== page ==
Furthermore, these training guides appear to be in the service of presenting a reality focused on comparative ethical minutiae or on redressing the actions of a few bad actors. There is no acknowledging the existence of systemic inequities. The tests are visually and culturally mapped into a postracial discourse of multiculturalism and diversity whose underlying logic wholly negates the lived realities of social inequality, the exploding wealth gap, minority scholars fleeing campuses, students living below the poverty line, racial crime profiling, and domestic abuse on campus. These are the ethical topics that circulate in campus classrooms and conversations, yet make no appearance in the mandated ethics training. In short, to take the ethics test every year is to experience a profound cognitive dissonance.

Consider one case from this year’s test: an employee at the university takes on a teaching job at another state school and is reprimanded when her supervisor learns she is using her university-issued computer to complete the work. There are two possible choices from which to pick in order to answer the question regarding the situation, but neither asks the question so obvious to my colleagues and to me: Why does she need to take on a second job to make ends meet? Is it any wonder that these ridiculous questions become the punchline to social-media posts and fodder for frustrated bloggers?

In the ethics-test universe, one office worker making $30,000 per year can stem the tide of a university budget deficit by reporting the lifting of some office supplies. A facilities worker can tattle on his boss for taking a lunch with a potential service provider, somehow overshadowing cases of graft and corruption at echelons far beyond those of the workers depicted in the modules.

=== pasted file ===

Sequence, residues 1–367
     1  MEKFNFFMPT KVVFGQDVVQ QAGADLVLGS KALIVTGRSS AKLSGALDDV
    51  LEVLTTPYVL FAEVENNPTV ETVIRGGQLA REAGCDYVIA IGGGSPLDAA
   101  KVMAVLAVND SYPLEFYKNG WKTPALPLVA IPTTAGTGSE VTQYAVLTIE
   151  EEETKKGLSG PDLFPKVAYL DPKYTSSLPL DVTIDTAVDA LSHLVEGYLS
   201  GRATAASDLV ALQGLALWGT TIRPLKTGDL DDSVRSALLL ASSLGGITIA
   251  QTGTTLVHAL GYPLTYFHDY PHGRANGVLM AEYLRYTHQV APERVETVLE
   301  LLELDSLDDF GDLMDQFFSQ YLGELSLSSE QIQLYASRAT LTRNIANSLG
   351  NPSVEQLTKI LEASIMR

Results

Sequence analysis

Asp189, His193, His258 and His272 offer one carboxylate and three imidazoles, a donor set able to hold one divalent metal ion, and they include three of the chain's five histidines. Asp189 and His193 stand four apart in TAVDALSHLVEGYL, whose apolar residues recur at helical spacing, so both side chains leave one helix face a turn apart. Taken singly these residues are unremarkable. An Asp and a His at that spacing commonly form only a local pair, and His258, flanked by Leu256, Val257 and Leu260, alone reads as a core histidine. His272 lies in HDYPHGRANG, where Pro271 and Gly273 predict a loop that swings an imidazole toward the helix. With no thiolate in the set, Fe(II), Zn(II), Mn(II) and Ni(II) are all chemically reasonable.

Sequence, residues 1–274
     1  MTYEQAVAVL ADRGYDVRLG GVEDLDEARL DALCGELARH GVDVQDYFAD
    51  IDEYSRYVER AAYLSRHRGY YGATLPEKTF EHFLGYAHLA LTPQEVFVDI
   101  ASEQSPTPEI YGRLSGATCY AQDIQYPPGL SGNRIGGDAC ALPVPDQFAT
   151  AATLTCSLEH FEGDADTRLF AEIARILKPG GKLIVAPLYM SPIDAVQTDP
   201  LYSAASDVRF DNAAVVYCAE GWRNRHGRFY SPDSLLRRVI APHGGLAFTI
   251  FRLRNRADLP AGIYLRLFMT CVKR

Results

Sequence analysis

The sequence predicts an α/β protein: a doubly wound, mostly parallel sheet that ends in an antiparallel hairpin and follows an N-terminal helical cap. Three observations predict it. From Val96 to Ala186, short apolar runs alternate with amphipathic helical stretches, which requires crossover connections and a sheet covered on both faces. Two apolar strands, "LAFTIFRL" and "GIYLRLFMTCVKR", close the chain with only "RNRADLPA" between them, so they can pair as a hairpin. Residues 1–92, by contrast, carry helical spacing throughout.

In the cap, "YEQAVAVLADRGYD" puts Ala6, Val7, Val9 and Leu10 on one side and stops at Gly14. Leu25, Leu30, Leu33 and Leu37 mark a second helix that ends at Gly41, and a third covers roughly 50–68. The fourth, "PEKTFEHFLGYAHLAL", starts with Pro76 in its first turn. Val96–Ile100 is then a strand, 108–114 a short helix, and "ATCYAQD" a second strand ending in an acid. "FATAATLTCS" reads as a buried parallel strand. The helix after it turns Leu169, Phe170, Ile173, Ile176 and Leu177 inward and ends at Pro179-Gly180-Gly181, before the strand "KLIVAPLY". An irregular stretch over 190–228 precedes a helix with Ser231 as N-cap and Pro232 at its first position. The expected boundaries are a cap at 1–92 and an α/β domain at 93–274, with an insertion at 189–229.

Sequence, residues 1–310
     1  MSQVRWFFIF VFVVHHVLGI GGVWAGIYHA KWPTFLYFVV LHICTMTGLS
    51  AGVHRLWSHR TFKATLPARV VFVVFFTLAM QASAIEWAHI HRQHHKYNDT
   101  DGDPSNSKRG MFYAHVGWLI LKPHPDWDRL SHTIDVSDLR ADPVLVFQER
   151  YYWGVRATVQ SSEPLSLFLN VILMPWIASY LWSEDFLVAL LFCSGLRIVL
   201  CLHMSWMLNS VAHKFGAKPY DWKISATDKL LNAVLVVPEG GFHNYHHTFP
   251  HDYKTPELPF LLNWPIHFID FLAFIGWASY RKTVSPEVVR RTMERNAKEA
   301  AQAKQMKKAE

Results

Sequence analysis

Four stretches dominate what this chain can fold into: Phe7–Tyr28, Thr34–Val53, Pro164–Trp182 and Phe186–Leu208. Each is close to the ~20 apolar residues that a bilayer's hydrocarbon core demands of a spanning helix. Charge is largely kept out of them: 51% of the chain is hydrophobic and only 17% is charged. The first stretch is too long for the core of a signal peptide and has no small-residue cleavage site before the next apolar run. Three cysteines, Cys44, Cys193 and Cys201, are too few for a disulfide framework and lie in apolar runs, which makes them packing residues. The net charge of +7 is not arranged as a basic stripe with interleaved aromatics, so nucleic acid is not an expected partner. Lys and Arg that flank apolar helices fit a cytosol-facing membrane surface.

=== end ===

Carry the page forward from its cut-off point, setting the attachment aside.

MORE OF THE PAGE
In the context of the ethics test, the university avoiding litigation is a stand-in for an employee’s ethical behavior. In fact, the ethics training is a mechanism for the administrative elites to control and manage employee behavior and to maintain the status quo.

The time is indeed ripe for a large-scale discussion about ethics on university campuses and beyond. The questions ought to focus on issues pertinent to the contemporary campus environment and the world we all live in: inequality, racism, environmental destruction, and the perverse concentration of capital are but a few that spring to mind. These questions don’t have easy answers to be plucked from a multiple-choice computer module. Instead, responses to these issues may challenge the status quo and put tough questions to university administrators and even to ourselves. Where is the ethics test for these issues? I know of no learning module, mandatory test, or MOOC that will expose our institutions’ ties to the corporations and governments responsible for some of the grossest exploitation of people and resources.

Contrary to what these tests and learning modules attempt to instill, “ethics” and “the best interest of the employer” are not synonyms. Let’s stop lending credence to these ridiculous and insulting exercises in self-policing. Let’s decide on our own from where to draw our ethical inspirations—our integrity demands nothing less.

Sarah T. Roberts is an assistant professor of information and media studies at Western University.